The yield on the 10-year Australian bond yield fell by two basis points to 0.87% after data released at 01:30 GMT showed the Aussie jobless rate ticked higher to 7.4% in June as expected and full-time jobs growth tanked.
The economy added 210.8K jobs in June compared to expectations for 112.5K additions, having shed 227.7K jobs in May. However, the better-than-expected headline figure lost its shine due to dismal details, which showed the full-time jobs fell by 38.1K following an 89.1K drop in May.
The decline in full-time jobs shows the economy is unlikely to return to pre-coronavirus levels anytime soon. As such, the RBA will likely keep the policy accommodative for a prolonged time. The RBA, in its July meeting, made it clear that rates would remain low until progress is made towards full employment and inflation is within the 2%-3% target.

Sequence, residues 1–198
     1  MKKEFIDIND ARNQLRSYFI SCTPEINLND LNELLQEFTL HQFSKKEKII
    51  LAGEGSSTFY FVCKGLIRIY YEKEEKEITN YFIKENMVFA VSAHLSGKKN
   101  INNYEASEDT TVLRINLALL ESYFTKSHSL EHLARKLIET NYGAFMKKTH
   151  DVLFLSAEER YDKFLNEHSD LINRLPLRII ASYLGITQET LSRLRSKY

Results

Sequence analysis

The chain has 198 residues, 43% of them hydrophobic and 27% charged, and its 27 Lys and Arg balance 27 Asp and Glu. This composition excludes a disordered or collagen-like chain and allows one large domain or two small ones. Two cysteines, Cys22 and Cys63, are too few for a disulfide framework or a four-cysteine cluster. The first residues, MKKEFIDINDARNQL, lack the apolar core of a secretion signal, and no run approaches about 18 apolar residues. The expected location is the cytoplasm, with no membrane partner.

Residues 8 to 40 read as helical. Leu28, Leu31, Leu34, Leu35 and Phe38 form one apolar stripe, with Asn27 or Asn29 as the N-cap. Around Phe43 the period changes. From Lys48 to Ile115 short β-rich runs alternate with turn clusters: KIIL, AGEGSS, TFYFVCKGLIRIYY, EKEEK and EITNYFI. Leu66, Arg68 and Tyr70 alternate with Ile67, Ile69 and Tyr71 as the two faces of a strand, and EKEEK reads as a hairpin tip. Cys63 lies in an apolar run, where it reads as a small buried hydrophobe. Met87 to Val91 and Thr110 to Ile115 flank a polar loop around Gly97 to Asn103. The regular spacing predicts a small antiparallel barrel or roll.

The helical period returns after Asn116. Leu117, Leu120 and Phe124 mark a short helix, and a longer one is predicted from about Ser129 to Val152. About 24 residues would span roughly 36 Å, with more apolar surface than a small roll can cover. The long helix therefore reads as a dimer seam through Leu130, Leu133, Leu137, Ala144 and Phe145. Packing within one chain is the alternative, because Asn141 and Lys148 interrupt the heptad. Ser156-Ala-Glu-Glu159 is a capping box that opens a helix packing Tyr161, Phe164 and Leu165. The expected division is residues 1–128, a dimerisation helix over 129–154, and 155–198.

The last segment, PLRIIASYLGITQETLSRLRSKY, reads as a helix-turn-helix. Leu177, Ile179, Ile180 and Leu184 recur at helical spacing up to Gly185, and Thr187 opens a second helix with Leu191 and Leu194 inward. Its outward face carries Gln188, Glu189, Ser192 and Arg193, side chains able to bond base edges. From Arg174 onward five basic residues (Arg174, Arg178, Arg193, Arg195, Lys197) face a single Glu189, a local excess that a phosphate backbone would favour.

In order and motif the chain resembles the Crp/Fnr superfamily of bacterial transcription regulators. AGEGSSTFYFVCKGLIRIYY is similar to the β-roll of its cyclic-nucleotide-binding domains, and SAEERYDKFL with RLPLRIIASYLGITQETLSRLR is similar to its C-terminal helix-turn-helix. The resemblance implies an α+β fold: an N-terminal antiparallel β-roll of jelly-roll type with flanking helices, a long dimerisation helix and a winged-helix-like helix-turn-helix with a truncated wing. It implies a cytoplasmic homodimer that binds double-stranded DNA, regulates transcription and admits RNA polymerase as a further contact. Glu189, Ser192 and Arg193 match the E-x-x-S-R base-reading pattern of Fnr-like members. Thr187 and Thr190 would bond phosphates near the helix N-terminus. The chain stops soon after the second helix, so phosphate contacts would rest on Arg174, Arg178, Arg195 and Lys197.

At press time, the 10-year yield is seen at 0.88%. Meanwhile, the spread between the 10- and two-year yields is seen at 62 basis points compared to around 49 basis points in the U.S. and just 18 basis points in Japan. Essentially, Australia has the steepest yield curve among advanced economies and that is turning Australia into a carry trade haven, according to Bloomberg.